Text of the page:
By PAUL SINGER, Associated Press Writer
CLEVELAND (AP) - Polka rocks.
There is a growing movement among polka aficionados to infuse the music with rock 'n' roll to convince a new generation that polka is not Old World music played on big accordions by men in polyester suits.
"We're trying to bring to polka a more modern kind of excitement, and to rock we are trying to bring more fun," said Don Hedeker, founder of the Chicago-based Polkaholics.
The Polkaholics' "We Play Polkas on Guitar" is a theme song for both the band and a growing group of rock/polka bands. It is played in the traditional oom-pah oom-pah, two-step polka rhythm -- but faster, louder, and with an electric guitar lead instead of an accordion.
In bow ties and ruffled shirts, the Polkaholics rock through polka favorites like "In Heaven There is No Beer (That's Why We Drink It Here)" and "Beer Barrel Polka."
The music is partly a spoof of polka stereotypes, poking fun at the traditional allegiance of polka, kielbasa and beer. For instance, the Happy Schnapps Combo, based in Manitowac, Wis., leads off its 1999 album Beer Muscle with a surf-party guitar polka called "We Can Get Drunker Than Youse."
But in groups like the Polkaholics, Brave Combo from Denton, Texas, and K!CK from Oshkosh, Wis., it is also a serious effort to broaden the reach of a traditional music that has struggled to grab young audiences.
Brave Combo won a polka Grammy Award for their 1999 album "Polkasonic," which hues closely to traditional polka, but with a heavy electric guitar presence. The last track on the album is a surreal version of Jimi Hendrix' "Purple Haze," with the famous opening guitar riff played on a saxophone.
"We can bring new people in that would under no other circumstances know this music," said Brave Combo founder and guitarist Carl Finch. "We find that there are not a lot of preconceived ideas about polka with the college kids and younger. They haven't had any exposure to it. They don't know what it is."
Polka has traditionally been a niche music market with little broad public exposure. Frankie Yankovic, one of the biggest polka stars, has sold 97,000 albums in U.S. retail stores since 1991, according to Soundscan, a company that tracks U.S. record sales.
Brave Combo sold 74,000 over the same period. By comparison, the Backstreet Boys have sold almost 29 million albums in the U.S. since 1991.
Polka suffers in part because of factionalism that splits fans. There are separate polka halls of fame in Chicago and Cleveland, each featuring stars of the city's unique polka styles. The Chicago sound is descended from Polish polka, while the Cleveland style is rooted in Slovenian traditions.
Outsiders may be hard-pressed to tell the difference, but some fans of each style claim the other isn't really polka.
"There is a tremendous jealousy out there," said Steve Popovich, president of Cleveland International records. "There's this whole blinders thing -- 'If it's not Polish, it doesn't matter' or 'If it's not Slovenian, I won't listen to it.'"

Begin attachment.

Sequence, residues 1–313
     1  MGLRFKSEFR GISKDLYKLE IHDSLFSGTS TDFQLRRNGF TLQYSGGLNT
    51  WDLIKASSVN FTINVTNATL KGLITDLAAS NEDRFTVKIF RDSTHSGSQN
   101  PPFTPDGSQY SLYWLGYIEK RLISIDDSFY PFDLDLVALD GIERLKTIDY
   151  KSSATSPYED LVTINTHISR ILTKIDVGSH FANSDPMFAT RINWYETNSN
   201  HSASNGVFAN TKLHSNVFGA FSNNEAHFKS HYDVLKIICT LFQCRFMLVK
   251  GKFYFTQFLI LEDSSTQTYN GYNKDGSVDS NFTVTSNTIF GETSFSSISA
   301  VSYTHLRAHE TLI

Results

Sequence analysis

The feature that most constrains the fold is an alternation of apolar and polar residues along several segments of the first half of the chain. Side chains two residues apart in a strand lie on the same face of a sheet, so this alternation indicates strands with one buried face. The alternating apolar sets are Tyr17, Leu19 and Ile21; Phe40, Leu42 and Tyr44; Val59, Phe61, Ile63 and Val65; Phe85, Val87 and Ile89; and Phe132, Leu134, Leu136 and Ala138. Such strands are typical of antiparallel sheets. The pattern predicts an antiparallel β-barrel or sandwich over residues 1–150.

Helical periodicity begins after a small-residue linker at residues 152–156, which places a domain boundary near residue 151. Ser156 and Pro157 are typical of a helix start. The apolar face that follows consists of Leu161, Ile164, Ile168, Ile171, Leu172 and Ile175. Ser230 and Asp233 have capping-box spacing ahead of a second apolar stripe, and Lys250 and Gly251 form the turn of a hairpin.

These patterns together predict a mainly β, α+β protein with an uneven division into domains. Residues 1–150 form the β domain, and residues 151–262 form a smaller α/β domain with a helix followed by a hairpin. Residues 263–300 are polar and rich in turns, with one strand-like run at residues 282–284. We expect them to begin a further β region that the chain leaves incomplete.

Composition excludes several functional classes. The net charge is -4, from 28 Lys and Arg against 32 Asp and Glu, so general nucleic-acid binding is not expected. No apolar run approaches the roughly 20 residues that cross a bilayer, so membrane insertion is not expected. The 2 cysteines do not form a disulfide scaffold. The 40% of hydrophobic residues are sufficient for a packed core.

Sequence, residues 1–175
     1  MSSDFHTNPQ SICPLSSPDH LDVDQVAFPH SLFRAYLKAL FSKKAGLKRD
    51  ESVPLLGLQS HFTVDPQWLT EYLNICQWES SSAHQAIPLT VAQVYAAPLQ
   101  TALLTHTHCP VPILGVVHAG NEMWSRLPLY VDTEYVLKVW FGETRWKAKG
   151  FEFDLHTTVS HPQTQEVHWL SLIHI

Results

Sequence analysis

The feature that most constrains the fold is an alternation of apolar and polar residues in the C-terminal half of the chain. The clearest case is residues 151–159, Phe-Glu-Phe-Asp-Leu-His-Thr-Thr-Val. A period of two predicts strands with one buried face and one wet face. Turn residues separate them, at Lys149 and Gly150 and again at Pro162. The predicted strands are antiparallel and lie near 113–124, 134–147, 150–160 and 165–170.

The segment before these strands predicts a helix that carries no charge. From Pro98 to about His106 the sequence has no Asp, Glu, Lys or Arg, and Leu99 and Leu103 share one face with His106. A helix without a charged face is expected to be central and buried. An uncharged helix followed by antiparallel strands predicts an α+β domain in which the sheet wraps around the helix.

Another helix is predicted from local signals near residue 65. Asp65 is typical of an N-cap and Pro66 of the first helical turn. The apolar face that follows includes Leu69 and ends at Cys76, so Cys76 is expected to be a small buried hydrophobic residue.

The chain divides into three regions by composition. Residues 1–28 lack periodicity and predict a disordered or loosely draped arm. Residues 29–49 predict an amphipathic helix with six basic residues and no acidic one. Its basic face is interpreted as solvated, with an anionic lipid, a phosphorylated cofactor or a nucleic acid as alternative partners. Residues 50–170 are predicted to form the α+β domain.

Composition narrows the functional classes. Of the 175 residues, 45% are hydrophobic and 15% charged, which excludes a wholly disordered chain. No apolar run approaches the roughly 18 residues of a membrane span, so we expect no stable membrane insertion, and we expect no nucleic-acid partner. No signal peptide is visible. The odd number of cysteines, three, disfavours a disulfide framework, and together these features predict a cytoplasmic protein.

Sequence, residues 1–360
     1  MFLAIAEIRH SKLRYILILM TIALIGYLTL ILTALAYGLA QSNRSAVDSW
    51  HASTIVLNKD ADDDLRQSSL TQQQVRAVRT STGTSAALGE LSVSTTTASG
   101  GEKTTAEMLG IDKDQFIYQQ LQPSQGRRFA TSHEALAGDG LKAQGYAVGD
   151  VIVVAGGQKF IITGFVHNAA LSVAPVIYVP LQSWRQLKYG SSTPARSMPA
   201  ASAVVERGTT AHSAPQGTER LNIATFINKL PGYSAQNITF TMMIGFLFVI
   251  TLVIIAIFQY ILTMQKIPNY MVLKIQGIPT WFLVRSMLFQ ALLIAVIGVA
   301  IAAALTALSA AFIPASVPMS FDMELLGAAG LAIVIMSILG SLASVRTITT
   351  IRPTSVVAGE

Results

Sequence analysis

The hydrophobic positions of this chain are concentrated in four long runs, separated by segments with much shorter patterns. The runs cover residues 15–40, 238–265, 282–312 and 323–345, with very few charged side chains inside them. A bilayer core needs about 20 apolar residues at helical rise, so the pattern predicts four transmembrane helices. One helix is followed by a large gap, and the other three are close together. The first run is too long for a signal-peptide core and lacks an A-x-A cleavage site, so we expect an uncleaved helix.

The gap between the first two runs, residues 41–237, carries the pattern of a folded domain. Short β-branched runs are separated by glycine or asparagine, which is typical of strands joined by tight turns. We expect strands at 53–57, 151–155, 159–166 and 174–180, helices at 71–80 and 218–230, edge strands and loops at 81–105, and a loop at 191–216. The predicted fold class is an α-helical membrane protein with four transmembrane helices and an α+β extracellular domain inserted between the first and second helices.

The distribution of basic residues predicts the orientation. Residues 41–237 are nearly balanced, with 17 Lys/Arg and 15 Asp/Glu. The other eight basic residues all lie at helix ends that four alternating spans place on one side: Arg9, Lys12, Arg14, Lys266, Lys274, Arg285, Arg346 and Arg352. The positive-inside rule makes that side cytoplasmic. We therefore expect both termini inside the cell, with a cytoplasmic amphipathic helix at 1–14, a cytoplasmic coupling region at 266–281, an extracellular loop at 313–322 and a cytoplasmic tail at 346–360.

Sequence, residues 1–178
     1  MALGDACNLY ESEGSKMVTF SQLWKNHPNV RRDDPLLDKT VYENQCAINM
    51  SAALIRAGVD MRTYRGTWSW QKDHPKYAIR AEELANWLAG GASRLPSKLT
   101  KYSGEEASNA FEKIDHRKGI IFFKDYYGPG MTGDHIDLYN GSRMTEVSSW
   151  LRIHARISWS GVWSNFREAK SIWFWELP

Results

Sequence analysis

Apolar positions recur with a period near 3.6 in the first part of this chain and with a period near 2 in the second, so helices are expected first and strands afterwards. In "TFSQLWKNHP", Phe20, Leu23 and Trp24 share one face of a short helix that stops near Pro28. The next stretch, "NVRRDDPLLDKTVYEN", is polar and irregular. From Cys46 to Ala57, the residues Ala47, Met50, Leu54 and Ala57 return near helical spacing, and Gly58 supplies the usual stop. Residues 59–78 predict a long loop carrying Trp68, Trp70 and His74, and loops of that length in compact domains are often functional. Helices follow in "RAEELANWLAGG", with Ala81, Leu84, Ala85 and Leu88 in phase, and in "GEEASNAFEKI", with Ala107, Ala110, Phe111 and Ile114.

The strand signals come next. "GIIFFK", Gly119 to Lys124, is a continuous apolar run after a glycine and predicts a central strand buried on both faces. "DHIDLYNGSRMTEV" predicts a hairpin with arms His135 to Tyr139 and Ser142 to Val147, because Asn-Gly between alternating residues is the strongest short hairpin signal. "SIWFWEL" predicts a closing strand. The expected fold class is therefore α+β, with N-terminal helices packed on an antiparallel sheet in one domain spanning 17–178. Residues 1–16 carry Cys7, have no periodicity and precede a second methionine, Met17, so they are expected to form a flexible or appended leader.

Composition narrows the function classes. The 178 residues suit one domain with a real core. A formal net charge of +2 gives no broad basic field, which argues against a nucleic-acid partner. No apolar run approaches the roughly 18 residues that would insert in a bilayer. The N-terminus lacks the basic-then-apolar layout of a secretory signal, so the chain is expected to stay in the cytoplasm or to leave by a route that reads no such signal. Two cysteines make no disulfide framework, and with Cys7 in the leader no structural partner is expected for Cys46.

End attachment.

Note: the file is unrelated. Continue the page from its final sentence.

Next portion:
"What I'm trying to do is to not have any barriers," Popovich said.
He has issued albums by polka icons Yankovic and Eddie Blazonczyk, as well as the Grammy-winning Brave Combo album.
In November, Popovich and his son Steve, Jr., started Shotglass Records with a six-song rock/polka collection called "Extreme Polka." Popovich said it is hard to track sales of polka albums because the performers sell more music at concerts than at stores, but he said the compilation is selling well.
"I definitely do see polka on some kind of a rise" said Michelle Jerabek, who plays guitar and saxophone for K!CK. "I see the younger kids getting into it. The college kids around here in Oshkosh are seeing us out there jamming in some public event and saying 'That's weird, but that's really cool.' And they're digging it."
Jerabek and husband Dan, K!ck's accordion player, both grew up playing in traditional polka bands. They plan to start a new group this year called CopperBox to record some of their own, more modern polka-based compositions.
The Jerabeks, both in their 20s, represent the new generation of polka. Finch, 50, has been playing souped-up polka for 20 years.
Richard March, a folk and community arts specialist with the Wisconsin Arts Board, said the traditional polka audience is aging, and younger people want a faster, more eclectic sound.
"In the previous generation, there were musicians and fans that genetically received a particular style -- the style of their ethnic groups or the locality -- and they developed a fierce loyalty to that style," March said. "But now people are growing up in a more diverse culture."
Tony Petkovsek, who has hosted a polka radio show on Cleveland for 40 years, said the new style appeals to the masses.
Still, "Some of the bands are going kind of ultra-modern and it's hard for the traditionalist to accept - and you can see their point because they are trying to preserve their culture," he said.
Linda "Big Lou" Seekins, of Big Lou's Polka Casserole in San Francisco, said the marriage of rock and polka is natural.
"Polka was rock and roll when it started" in Europe in the 1800s, she said.
"It was a dance for the common people, and people were touching," she said. "Parents disapproved of it and there were riots in the streets."